Personally, I send an automated message asking about their circumstances. Shamefacedly, I don't bother replying if they don't send enough info/unsuitable/can't find them online/don't know of them/aggressive/address me as 'Bruv' (yep, had that one) /listed on the IVA bankruptcy register etc

          Previously, I've always sent a courtesy reply but it's just not worth the risk nowadays.

          If someone piques my interest, I may ask further questions. Then a phone call. Only then maybe a viewing.

          Just done 4 viewings out of 50 enquirers. Incidentally, 2 of them remarked surprise that the property was real, available and ready to go as most were phishing ad 'just gone's' or 'coming available soon's'.

          But any voids at all are virtually a thing of the past for me (I used to work on 2 month's void per year per property). And because of section 24, I don't give a damn if a couple are left empty.

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            #6
            Originally posted by cymro123 View Post
            According to Shelter if a household is spending more than 30% of its gross income on housing costs, then their housing is generally considered to be unaffordable.
            That certainly encourages me to take on lower income families.

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              #7
              I have friends who state minimum income on their adverts and ask to see payslips before they even show prospective tenants the advertised property.

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                #8
                Thank you for your responses everyone. I'll do a bit more calculating and will put a figure or % in my advert.

                One more question - if T reaches the required %, how do you deal with debt e.g. debit cards/overdrafts etc?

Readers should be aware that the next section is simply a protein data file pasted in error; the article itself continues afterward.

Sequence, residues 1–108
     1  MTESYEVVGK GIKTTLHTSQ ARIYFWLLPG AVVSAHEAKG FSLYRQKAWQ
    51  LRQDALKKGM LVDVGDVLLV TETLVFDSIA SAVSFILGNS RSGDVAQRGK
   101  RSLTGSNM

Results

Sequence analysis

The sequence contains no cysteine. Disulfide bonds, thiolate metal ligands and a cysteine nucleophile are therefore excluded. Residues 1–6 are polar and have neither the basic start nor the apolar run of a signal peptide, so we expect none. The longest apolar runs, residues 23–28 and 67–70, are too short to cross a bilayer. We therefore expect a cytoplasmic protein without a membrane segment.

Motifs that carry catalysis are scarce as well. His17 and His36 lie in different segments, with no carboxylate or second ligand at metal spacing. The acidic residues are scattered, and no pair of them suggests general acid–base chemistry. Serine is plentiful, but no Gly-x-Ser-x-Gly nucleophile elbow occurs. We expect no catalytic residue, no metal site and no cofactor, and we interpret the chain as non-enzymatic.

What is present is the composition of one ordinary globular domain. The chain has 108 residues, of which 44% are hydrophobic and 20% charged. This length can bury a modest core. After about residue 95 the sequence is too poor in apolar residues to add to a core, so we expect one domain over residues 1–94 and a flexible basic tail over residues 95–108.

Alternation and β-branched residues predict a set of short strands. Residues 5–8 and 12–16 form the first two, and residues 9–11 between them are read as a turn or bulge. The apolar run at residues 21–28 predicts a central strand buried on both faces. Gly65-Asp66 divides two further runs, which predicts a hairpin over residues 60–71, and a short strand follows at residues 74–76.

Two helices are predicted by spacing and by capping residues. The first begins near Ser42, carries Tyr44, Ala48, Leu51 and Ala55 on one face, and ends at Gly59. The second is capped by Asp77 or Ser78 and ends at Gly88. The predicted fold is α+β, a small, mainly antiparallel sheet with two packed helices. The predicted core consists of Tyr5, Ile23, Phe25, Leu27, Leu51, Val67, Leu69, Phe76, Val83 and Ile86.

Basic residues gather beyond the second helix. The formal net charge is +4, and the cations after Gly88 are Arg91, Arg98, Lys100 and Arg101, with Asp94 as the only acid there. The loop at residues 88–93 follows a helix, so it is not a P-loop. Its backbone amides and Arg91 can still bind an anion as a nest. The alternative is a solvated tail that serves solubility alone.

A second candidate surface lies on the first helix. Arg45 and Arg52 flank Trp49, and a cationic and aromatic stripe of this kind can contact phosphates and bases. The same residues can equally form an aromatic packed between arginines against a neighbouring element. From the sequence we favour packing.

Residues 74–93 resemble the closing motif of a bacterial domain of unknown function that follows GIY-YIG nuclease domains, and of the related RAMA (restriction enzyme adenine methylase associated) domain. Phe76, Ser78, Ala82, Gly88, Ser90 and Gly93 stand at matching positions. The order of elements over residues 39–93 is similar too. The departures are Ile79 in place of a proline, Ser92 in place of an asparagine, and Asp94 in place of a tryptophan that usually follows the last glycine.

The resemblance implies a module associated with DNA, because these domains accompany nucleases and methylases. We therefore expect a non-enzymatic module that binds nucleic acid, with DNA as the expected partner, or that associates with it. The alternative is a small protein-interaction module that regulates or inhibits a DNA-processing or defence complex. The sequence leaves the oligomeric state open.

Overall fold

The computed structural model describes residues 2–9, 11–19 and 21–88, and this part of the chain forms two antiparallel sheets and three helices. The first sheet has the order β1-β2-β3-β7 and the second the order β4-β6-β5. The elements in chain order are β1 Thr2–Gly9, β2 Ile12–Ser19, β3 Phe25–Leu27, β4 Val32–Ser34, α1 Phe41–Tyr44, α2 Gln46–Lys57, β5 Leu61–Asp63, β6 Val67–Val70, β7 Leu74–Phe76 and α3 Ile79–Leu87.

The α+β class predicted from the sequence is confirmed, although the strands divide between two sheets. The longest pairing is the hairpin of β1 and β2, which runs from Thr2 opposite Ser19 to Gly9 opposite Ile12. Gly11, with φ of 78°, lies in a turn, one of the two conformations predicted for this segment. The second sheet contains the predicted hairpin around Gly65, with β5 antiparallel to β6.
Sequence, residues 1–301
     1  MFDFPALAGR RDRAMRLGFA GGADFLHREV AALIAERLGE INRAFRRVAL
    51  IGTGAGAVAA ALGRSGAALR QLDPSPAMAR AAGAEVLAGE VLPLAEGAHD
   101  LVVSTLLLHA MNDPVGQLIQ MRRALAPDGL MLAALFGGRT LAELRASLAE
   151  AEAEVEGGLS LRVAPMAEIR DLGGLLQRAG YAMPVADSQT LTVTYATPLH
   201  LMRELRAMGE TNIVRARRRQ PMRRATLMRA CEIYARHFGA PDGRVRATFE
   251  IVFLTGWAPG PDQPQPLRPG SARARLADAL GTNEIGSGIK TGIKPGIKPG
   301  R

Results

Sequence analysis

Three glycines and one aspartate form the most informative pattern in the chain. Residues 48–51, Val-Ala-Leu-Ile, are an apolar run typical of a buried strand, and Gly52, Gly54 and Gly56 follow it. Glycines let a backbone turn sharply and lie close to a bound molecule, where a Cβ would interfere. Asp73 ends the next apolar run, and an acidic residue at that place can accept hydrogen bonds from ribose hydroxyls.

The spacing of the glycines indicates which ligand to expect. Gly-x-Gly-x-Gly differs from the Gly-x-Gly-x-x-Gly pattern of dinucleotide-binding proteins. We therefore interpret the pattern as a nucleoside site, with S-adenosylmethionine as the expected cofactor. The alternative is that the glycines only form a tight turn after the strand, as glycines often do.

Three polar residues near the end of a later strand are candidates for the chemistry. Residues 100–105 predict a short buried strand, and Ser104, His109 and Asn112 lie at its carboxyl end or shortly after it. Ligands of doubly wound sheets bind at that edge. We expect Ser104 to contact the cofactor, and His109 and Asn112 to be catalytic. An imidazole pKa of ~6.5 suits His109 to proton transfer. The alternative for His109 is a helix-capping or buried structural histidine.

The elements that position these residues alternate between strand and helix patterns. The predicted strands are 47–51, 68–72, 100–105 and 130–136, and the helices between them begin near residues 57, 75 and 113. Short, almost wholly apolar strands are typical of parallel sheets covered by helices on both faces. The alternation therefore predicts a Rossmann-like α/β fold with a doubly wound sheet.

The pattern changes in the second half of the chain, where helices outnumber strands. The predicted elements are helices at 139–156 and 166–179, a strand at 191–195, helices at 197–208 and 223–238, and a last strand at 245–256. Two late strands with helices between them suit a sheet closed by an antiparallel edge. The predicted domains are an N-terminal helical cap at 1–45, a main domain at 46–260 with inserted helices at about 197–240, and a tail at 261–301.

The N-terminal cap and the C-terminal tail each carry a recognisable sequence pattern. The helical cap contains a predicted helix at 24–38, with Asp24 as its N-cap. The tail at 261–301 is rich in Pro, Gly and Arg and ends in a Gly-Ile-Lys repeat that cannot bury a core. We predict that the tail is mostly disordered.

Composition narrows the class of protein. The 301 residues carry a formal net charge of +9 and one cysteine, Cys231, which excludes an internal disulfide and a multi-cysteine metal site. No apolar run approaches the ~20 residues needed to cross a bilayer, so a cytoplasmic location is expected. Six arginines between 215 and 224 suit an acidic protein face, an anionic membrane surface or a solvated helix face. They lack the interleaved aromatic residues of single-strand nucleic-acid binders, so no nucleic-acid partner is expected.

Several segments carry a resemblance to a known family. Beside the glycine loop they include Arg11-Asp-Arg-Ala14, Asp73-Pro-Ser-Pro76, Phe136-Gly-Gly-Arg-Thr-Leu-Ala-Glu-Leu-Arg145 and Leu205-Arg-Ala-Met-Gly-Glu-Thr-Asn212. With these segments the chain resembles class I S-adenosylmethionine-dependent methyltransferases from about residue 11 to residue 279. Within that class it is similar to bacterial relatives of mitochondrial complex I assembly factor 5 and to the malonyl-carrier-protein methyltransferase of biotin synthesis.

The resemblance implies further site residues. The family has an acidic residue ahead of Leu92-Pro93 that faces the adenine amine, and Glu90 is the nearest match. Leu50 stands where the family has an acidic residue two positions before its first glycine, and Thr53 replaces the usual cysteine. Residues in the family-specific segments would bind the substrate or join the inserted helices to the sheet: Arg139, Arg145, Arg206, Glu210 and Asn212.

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                  #9
                  That's crux of the matter, blindly accepting a set level of income ignores the fact they may have huge drug or shoe addiction or massive debt.
                  If they look like a decent tenant study their bank statement, you learn an awful lot.

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                    #10
                    You really want minimum disposable income but that's even harder to define in an advert. Also what about housing benefit/UC? a tenant working part-time may be eligible for benefits toward the rent and overtly discriminating against benefits tenants in an advert is risky at the moment.

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                      #11
                      Originally posted by DPT57 View Post
                      You really want minimum disposable income but that's even harder to define in an advert. Also what about housing benefit/UC? a tenant working part-time may be eligible for benefits toward the rent and overtly discriminating against benefits tenants in an advert is risky at the moment.